Table 1 Person-years at risk of an incident major depression diagnosis, CAF Regular Force personnel, January–December 2017

During the study period, 1812 incident diagnoses of major depression were observed. Regular Force personnel were diagnosed at a rate of 29.2 new cases per 1000 person-years at risk (95% CI 27.9, 30.6). Female sex, age 30 years and older, and non-officer ranks were associated with higher incidence rates. After adjusting for demographic differences, technicians, and air and ship crewmembers, had significantly lower incidence rates than combat specialists. Adjusted rates were also lower in the Air Force than in the Army. Individuals posted to Joint Personnel Support Units, who were already ill or injured, were nearly three times more likely to have an incident diagnosis of major depression, compared to Army personnel of the same sex, age, and rank (Table 2).

Table 2 Incidence of new major depression diagnoses in CAF Regular Force personnel, January–December 2017

For our secondary analysis, we identified all 66,605 individuals who were serving in the Regular Force on the last day of the 12-month study period. Using the case definition developed for our study, we estimated that 5.6% (95% CI 5.4%, 5.8%) of these individuals had a clinical encounter for major depression diagnosis at some point in the previous 12 months. Among these patients, 24.5% (95% CI 23.1, 25.9) were females, and 18.5% (95% CI 17.3%, 19.8%) were under the age of 30 years (Table 3). These results can be compared to those of a recent cross-sectional survey (see discussion below).

Table 3 Characteristics of CAF Regular Force personnel with incident or prevalent major depression diagnoses in the previous 12 months, as of December 2017


This paper presents the most comprehensive examination to date of major depression incidence in serving CAF Regular Force personnel. We found that major depression amongst CAF personnel was diagnosed at a rate of 29.2 new cases per 1000 person-years of service, and that this rate varied considerably across demographic and organizational characteristics.

The overall incidence rate reported in this study is somewhat higher than that observed in the US Armed Forces, where 24.2 new cases of depressive disorders are diagnosed per 1000 person-years [19]. Several factors may account for this difference. First, CAF personnel suffering from major depression may be more likely to seek care than their American counterparts, and may, therefore, be more likely to receive a formal diagnosis; previous studies have found that 75% of depressed Canadian soldiers access mental health care in a 12-month period [11], compared to less than 50% in the US military [20,21,22]. This apparent difference in care-seeking propensity may be partly explained by the substantial difference in age composition between the two militaries; on average, CAF personnel are older than their American counterparts [23, 24], and older age is associated with higher mental health service use in depressed patients [25]. Second, our case-finding algorithm was likely more inclusive than that used for the US military study. In fact, US Armed Forces researchers only considered major depression diagnoses if they were recorded in the first or second diagnostic position during medical encounters [19]. In contrast, we used any major depression diagnosis to identify incident cases in our study, even if these diagnoses were recorded along with several co-morbid conditions.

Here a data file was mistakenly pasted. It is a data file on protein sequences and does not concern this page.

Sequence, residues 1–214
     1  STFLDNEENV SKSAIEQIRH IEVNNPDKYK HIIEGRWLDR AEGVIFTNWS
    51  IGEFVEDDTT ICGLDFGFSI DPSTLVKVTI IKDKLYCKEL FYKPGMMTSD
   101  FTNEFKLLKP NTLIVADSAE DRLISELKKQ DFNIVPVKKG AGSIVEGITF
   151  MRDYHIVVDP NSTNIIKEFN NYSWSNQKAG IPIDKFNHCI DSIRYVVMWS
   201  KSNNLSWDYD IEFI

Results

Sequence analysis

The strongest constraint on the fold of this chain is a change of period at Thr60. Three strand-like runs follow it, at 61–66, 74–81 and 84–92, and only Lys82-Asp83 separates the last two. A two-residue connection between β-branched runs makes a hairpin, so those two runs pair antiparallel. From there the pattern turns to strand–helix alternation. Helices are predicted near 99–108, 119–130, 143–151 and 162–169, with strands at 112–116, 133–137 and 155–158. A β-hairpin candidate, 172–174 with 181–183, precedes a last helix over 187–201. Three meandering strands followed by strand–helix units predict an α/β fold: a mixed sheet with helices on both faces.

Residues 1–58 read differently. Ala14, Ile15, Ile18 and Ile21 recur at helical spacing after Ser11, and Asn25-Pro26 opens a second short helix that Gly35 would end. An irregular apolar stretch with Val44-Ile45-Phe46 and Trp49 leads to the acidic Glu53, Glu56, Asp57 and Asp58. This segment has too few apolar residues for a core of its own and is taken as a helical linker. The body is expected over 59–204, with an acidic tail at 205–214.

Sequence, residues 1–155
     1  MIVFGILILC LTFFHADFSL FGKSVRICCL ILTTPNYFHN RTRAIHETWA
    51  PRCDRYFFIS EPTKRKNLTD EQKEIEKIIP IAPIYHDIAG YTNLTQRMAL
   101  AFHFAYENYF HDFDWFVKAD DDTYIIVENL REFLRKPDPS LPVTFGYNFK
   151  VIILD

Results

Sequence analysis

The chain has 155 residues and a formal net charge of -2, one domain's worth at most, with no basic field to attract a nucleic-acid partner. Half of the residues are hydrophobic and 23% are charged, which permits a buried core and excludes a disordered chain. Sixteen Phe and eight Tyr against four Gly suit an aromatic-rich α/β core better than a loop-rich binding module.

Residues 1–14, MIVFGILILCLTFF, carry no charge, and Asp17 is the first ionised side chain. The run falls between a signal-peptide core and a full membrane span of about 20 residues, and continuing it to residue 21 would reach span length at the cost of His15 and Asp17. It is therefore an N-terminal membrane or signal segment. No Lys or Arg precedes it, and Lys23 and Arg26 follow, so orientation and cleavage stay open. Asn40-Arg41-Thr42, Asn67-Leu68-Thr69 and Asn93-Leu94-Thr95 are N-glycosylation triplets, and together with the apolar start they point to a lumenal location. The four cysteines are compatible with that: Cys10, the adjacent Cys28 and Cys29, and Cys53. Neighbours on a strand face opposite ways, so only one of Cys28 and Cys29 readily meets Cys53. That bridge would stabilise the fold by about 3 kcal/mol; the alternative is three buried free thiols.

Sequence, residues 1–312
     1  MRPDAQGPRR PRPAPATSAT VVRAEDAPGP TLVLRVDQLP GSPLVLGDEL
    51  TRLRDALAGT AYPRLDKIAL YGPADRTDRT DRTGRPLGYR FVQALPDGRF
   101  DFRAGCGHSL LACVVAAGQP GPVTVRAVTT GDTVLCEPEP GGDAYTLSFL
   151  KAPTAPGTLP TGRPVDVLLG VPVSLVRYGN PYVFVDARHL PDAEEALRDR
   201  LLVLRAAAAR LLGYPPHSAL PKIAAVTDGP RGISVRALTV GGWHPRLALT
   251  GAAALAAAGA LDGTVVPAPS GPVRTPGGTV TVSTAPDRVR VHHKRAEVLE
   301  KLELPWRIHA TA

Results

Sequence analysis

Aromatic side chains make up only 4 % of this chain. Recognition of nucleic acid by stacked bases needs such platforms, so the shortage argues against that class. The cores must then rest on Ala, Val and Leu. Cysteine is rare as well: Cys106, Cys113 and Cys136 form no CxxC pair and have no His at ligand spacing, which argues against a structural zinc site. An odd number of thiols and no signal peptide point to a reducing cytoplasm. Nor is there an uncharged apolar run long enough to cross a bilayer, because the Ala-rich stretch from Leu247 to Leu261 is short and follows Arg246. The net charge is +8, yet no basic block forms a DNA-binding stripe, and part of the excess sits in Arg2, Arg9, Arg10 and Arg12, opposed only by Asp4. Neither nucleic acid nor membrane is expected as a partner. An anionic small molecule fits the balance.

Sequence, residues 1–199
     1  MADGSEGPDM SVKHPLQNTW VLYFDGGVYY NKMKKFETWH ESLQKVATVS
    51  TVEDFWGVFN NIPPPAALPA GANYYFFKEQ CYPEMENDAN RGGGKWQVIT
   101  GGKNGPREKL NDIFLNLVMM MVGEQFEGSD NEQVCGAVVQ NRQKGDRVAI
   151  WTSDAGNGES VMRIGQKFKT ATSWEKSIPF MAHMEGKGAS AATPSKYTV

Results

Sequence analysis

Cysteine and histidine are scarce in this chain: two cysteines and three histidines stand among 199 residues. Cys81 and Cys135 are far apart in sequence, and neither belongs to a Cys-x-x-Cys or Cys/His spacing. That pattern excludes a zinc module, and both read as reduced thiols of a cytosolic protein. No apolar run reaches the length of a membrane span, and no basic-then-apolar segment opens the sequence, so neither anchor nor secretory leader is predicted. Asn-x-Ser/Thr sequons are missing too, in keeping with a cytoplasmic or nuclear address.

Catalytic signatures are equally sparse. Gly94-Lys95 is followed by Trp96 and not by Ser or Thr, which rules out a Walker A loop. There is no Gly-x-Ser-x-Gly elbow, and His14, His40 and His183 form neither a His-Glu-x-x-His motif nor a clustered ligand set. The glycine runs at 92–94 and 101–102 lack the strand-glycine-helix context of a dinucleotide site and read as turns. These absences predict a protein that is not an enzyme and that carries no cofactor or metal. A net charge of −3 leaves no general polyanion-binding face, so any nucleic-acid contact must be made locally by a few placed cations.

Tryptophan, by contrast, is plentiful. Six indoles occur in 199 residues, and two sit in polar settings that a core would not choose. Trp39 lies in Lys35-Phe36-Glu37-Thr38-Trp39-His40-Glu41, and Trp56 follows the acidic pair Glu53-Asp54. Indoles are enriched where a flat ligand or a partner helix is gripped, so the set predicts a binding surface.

We found that female sex, age 30 years and older, and non-officer ranks were associated with higher incidence of major depression diagnoses. These findings largely mirror those of previous studies. Indeed, a large body of research has already shown that, compared to males, females are more likely to suffer from major depression [26], and are more likely to seek care when experiencing depressive symptoms [25]. It is, therefore, not surprising to find that females were more likely to be diagnosed with major depression, compared to their male counterparts. Similarly, non-officer rank [27] and older age [25] have also been associated with greater likelihood of seeking mental healthcare, when needed.

Until now, researchers have depended on data from either population surveys (e.g., [28]) or manual reviews of medical charts (e.g., [29]) to investigate mental health care utilization in CAF personnel, and have lacked the statistical power required to compare occupational groups with the level of granularity reported in our study. With our large sample size, we found that combat specialists had a greater incidence of major depression than technicians, and air and ship crewmembers. However, incidence rates in combat specialists were not significantly different than in numerous other non-combat trades. This finding has important implications. Although combat experiences are associated with a substantial increase in depression risk [30], they only account for a small proportion of the major depression burden observed in Canada’s military [31]. Similarly, most American soldiers who attempt suicide have never deployed [5]. Since the early 2000s, the CAF have improved access to mental health care, implemented mental health training programs across the organization, and provided post-deployment mental health screening to all personnel returning from an overseas deployment, irrespective of their specific occupations [32]. Our findings support this holistic strategy, in the context of major depression prevention.